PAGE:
One of my favorite “niche” areas of content development work, in addition to personal finance topics for military families and financial educators, is financial transitions in later life. Especially since publishing my latest book, Flipping a Switch, I spend a fair amount of time teaching and writing about financial topics that affect older adults — including (but not limited to) portfolio rebalancing.

Full disclosure: I count myself in this category. I have found that I have more “street cred” with older adults now that I am one of them versus presentations I made in my 30s and 40s. Not surprising — people often relate better to “people like them.”

Portfolio Rebalancing Basics

Like some of my blog posts, this one is informed by personal experience. First, some background information on the topic of portfolio rebalancing, which is the process of getting back to target asset allocation percentages (e.g., 60 percent stock, 30 percent bonds, 10 percent cash) when the mix of assets in your portfolio shifts over time due to market conditions and gets out of whack.

The purpose of rebalancing is to maintain desired asset allocation weightings consistent with your age, goals, and risk tolerance.

Without it, stock weightings, especially, would continue to rise, increasing an investor’s exposure to risk of loss of capital. Rebalancing forces investors to “sell high and buy low” which is a proven key to investment success.

When to Rebalance Your Portfolio

There is no clear consensus about exactly when and how to rebalance a portfolio. Some sources recommend annual or semi-annual reviews (and, if necessary, revisions) of asset allocation percentages on dates of your choosing. This is typically done in a two-step process: 

  1. Prepare a net worth statement with the current value of savings and investments.
  2. Classify your accounts into asset classes (e.g., money market funds as cash equivalent assets and growth mutual funds as equity assets).

Other sources recommend rebalancing when your asset mix shifts by a certain percentage from target weights based on market conditions.

However, there are a variety of percentage shifts suggested: 3 percent, 5 percent, or 10 percent from your targets. Spreadsheets to keep track of asset weightings are available to download on the Rutgers Cooperative Extension website.

How to Rebalance

Once you determine a “when” to rebalance, the next step is to figure out the “how.” There are basically three options: withdraw money from (sell) the overweighted class(es), add money to (buy) the underweighted classes(es), or do both.

Generally, variations in results of various rebalancing techniques are surprisingly small — in other words, if you have any type of rebalancing process and stick with it, it will likely provide some benefit versus no rebalancing at all.

Personal Experience

Now, my personal rebalancing story. For decades, I have calculated my net worth and asset allocation using the two-step process (net worth followed by asset allocation analysis) and spreadsheet templates described above.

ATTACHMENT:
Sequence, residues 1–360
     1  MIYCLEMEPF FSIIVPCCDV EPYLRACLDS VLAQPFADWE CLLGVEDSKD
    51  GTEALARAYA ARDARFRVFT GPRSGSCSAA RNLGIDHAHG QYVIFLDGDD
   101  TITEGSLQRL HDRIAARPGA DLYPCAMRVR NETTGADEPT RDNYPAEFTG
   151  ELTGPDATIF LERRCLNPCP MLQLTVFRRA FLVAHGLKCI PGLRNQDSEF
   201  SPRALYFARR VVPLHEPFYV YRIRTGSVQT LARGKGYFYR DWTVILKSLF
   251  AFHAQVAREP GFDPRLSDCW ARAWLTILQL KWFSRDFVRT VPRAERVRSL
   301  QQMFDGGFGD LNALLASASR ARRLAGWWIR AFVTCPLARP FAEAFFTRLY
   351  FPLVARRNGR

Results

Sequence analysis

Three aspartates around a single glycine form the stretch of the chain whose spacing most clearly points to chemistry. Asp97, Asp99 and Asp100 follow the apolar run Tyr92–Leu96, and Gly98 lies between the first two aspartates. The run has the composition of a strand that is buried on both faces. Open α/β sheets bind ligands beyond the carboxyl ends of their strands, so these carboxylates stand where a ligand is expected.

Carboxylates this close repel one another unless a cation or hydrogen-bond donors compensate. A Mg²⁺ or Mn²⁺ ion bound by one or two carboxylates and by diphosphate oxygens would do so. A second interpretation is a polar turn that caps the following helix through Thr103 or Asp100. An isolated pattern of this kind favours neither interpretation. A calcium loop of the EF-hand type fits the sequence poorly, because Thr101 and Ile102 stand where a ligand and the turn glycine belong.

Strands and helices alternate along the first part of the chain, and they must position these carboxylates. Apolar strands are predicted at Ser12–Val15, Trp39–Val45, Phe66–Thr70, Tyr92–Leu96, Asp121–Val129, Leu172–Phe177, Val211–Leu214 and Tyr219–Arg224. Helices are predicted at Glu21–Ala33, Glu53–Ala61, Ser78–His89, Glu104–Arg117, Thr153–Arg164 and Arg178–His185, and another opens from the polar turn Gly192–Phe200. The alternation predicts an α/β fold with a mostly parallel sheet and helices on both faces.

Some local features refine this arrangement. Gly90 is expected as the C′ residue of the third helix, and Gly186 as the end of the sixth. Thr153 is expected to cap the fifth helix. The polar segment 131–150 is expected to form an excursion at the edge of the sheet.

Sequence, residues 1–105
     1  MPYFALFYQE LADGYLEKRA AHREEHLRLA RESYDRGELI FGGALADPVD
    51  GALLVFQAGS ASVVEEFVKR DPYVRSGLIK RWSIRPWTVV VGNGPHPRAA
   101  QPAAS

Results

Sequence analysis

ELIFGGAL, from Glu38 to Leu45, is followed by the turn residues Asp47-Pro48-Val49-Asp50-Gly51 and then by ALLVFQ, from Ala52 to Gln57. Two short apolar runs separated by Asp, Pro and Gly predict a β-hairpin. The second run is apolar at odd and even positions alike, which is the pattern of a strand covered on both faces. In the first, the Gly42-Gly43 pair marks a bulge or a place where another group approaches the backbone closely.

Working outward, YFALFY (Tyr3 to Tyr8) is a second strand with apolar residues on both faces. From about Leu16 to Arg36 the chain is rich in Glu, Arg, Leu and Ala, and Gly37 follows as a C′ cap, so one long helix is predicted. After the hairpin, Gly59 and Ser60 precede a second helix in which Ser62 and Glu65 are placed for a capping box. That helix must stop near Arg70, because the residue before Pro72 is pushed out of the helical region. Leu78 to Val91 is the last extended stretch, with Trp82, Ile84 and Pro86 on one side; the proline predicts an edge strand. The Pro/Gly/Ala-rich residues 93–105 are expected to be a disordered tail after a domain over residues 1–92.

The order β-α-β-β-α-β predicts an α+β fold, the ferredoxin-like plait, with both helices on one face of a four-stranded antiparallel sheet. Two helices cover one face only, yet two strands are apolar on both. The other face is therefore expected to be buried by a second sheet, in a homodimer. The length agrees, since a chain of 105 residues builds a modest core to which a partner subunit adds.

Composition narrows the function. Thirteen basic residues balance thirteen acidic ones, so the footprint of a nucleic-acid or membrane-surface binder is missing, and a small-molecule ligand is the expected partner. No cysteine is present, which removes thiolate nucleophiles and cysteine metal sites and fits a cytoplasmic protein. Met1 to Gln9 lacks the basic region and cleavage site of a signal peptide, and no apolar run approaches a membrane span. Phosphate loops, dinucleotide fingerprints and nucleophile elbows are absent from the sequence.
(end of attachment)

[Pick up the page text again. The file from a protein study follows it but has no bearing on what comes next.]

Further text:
I typically did this in July when I took much of my vacation time, so I still do these calculations in July today. The process takes about three hours, mostly to look up current asset values online or from statements. Many passwords and text message security codes to deal with!

In July 2020, however, I skipped the asset allocation spreadsheet step. Maybe it was the pandemic or getting ready to launch my book or a multitude of freelance writing assignments last summer. In any case, I didn’t do it. So, in July 2021, it had been two years since my last asset allocation analysis. 

Needless to say, I was surprised how much the asset class weightings had shifted.

Though recent market trends had worked in my favor, it was time to dial back my stock asset class weighting. I then used the Rutgers spreadsheet to create several hypothetical asset shifting scenarios until I reached my target level.

My Takeaways on Portfolio Rebalancing

Below are seven “Barbservations” about the rebalancing process through the “lens” of an older adult’s portfolio:

  1. Larger Dollar Amounts: Compared to younger investors, older adults often have larger portfolio sums to rebalance.
  2. Weighting Change Challenges: Reallocation of larger amounts of money is needed to shift the asset weights of larger portfolios.
  3. Periodic Review Benefits– Especially in active markets, it is useful to address asset weighting shifts in a timely manner.
  4. “New Money ” Limitations: Nonworking older adults may not have “new money” (e.g., from a paycheck) to put into underweighted assets to rebalance their portfolio.
  5. Automatic Rebalancing? If only some assets are set to rebalance automatically, consider doing manual “total portfolio” rebalancing instead.
  6. Tax Implications: To avoid capital gains taxes by selling assets in taxable accounts, shift money in tax-deferred account assets.
  7. Portfolio Guidelines: “One size fits all” percentages for stock weights (e.g., 100, 110, or 120 minus your age) are not for everyone.

We are all getting older. It happens. Consider this fact when you rebalance your portfolio. A lifetime of investing is at stake.